Dan Eash-Scott, junior history major; Robert Brenneman, professor of criminal justice and sociology, Criminal Justice and Restorative Justice program director; and Daniel Stoltzfus, junior history major

Two Maple Scholar students research excess death patterns in Amish communities

by Sadie Brenneman ’25

Dan Eash-Scott, a junior history major from Wauwatosa, WI and Daniel Stoltzfus, a junior mathematics major from Harrisonburg, VA, alongside Robert Brenneman, professor of criminal justice and sociology, spent the summer conducting research on excess death patterns in the Amish community, during the years of the Spanish flu era. Using the Budget, a weekly newspaper commonly read by the Amish and conservative Mennonite Community, Eash-Scott and Stoltzfus tracked over 2,800 Amish deaths nationwide, from the years 1914 through 1920.

“We worked through century-old user-generated information to compile a thousand-long data set,” said Stoltzfus about one of the most novel characteristics of the project.

Their research was groundbreaking, and included several key findings that offer insight on the impact of pandemics within close-knit communities.

As Eash-Scott and Stoltzfus neared the end of their data collecting, they saw two clear spikes in excess deaths in the winters of 1919 and 1920, with February of 1920 seeing the most deaths.

“The graves cannot be dug fast enough,” a quote from the Budget during the height of the pandemic was used as the title of Eash-Scott and Stoltzfus’s presentation.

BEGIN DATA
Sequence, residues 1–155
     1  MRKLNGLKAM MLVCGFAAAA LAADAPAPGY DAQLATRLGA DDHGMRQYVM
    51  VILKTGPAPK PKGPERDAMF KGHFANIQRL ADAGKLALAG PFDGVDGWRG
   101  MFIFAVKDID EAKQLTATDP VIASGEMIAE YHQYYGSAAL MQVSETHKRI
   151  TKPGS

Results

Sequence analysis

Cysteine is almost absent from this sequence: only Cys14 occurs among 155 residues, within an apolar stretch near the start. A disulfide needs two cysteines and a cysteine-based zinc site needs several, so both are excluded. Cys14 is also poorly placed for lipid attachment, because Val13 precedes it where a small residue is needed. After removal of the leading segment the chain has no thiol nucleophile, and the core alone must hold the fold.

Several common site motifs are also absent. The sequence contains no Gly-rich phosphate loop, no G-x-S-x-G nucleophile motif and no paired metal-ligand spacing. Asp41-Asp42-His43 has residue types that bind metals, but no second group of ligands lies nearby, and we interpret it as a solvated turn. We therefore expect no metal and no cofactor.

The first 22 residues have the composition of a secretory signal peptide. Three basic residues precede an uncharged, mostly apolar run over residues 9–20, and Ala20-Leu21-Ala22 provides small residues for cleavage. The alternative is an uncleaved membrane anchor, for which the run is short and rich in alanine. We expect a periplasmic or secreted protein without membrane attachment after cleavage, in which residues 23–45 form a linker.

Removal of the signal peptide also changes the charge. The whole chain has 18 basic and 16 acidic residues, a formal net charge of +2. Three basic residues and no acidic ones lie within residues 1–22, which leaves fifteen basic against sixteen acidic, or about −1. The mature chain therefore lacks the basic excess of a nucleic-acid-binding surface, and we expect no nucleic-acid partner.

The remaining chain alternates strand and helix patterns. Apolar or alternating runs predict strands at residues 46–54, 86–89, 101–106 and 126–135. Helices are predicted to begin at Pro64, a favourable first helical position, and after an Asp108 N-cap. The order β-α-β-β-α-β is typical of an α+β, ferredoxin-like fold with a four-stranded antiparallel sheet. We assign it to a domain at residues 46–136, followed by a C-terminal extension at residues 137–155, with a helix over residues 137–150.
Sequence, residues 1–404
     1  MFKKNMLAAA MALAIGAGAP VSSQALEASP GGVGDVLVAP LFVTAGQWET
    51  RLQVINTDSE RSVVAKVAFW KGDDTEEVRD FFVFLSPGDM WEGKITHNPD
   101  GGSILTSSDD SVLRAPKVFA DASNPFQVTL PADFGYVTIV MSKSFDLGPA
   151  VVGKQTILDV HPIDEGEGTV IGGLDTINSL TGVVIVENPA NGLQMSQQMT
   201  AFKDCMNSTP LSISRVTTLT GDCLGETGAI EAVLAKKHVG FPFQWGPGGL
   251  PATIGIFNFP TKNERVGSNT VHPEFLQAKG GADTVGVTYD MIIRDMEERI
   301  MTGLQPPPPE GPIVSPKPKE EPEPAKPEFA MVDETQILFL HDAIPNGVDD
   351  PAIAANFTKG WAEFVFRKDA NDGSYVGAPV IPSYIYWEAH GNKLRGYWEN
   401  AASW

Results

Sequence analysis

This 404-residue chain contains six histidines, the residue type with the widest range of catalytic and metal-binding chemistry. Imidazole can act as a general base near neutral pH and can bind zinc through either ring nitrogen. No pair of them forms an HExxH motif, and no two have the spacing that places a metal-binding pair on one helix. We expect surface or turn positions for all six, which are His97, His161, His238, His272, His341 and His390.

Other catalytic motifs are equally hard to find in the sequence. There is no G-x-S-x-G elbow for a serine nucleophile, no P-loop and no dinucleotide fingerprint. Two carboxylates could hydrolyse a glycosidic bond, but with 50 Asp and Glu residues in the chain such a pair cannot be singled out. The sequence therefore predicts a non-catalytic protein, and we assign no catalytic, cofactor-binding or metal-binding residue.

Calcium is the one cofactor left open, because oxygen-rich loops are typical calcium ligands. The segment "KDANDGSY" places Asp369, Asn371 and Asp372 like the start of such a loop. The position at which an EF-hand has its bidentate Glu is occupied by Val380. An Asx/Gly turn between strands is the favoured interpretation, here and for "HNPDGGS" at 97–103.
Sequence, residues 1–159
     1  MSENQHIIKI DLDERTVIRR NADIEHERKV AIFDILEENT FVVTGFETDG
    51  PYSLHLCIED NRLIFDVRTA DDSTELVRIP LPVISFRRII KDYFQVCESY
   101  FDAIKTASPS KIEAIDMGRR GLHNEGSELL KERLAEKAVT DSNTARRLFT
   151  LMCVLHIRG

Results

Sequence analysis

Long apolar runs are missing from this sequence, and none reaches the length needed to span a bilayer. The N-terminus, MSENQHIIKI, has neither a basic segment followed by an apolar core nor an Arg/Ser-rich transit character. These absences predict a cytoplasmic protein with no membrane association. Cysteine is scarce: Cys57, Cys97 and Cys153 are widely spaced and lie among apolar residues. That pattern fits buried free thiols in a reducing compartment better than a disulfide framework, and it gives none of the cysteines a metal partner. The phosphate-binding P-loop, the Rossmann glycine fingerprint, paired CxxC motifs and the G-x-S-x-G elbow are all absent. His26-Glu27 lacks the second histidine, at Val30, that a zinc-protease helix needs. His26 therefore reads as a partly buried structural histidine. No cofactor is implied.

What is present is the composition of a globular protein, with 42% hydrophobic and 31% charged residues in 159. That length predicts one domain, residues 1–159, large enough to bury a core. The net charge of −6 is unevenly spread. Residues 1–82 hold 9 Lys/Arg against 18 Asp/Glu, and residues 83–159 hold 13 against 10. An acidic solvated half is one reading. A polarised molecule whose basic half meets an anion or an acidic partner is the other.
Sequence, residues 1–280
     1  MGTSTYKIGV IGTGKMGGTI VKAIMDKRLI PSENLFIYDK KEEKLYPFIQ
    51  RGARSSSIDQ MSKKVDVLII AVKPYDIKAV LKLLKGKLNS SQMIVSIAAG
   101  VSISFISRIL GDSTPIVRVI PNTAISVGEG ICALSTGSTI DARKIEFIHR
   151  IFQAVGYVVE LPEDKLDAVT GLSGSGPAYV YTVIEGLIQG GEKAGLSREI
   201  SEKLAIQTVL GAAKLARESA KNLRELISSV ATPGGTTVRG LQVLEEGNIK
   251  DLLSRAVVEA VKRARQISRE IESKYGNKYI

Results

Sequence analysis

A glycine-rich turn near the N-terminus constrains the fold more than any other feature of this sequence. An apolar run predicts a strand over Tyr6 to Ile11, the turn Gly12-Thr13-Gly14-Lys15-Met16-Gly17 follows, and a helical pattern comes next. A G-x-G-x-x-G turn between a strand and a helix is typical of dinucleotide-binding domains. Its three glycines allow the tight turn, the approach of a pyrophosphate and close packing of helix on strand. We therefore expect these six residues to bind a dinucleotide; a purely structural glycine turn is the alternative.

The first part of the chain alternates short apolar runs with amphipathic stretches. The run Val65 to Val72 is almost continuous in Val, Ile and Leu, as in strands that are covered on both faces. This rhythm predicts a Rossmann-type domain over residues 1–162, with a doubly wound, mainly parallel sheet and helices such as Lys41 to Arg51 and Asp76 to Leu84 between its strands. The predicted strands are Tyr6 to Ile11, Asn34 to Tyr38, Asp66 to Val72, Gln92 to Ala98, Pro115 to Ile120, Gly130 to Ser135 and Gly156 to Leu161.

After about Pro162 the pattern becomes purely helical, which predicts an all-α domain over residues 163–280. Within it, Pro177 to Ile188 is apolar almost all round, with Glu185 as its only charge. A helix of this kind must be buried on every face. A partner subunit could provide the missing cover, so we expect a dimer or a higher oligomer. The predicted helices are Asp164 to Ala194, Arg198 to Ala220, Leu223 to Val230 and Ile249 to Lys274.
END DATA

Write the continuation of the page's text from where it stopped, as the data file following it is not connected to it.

Although the quantitative research of the project was critical in understanding the impact of the 1918 pandemic on the Amish community, the qualitative research found in the discourse of the Budget was equally important.

Amish communities during the 1918 pandemic supported the closing of churches and schools, mask-wearing, quarantine and many other precautions that addressed the danger surrounding the flu pandemic. Vaccinations were also encouraged for a variety of other diseases.

“Our findings are especially interesting because they show that earlier generations of Amish and conservative Mennonites clearly were far less skeptical of public health recommendations from local and national government,” said Brenneman.

The Amish community’s interpretation of death was also eye-opening for both researchers, especially Eash-Scott.

“It was kind of remarkable how at peace they always seemed to be,” keeping in mind that they were writing days to weeks after someone died. “But still, there was always kind of this air of acceptance… [that] It’s God’s will to have us die when we are called to die.”

Eash-Scott and Stoltzfus spent many 8-hour days logging data from the Budget, reading over 350 issues. To eliminate any human error, Eash-Scott and Stoltzfus audited each other’s work. Although the project involved hundreds of grueling hours of reading microfilm, the experience and results were worth it.

“It’s been kind of an eye-opening process into the world of research, in terms of historical and sociological data analysis,” said Eash-Scott.

Goshen College’s Maple and Hickory Scholars Program allows students to spend eight weeks focusing on a particular area of research, alongside a professor who serves as both a supervisor and colleague. While participating in the Maple Scholars program, students live together on campus and take turns sharing updates on their research. The Maple and Hickory scholars programs are a unique undergraduate opportunity for our students to do hands-on research alongside their professors in interesting and diverse subject areas across various disciplines.

Read more about all 2022 Maple and Hickory Scholar projects.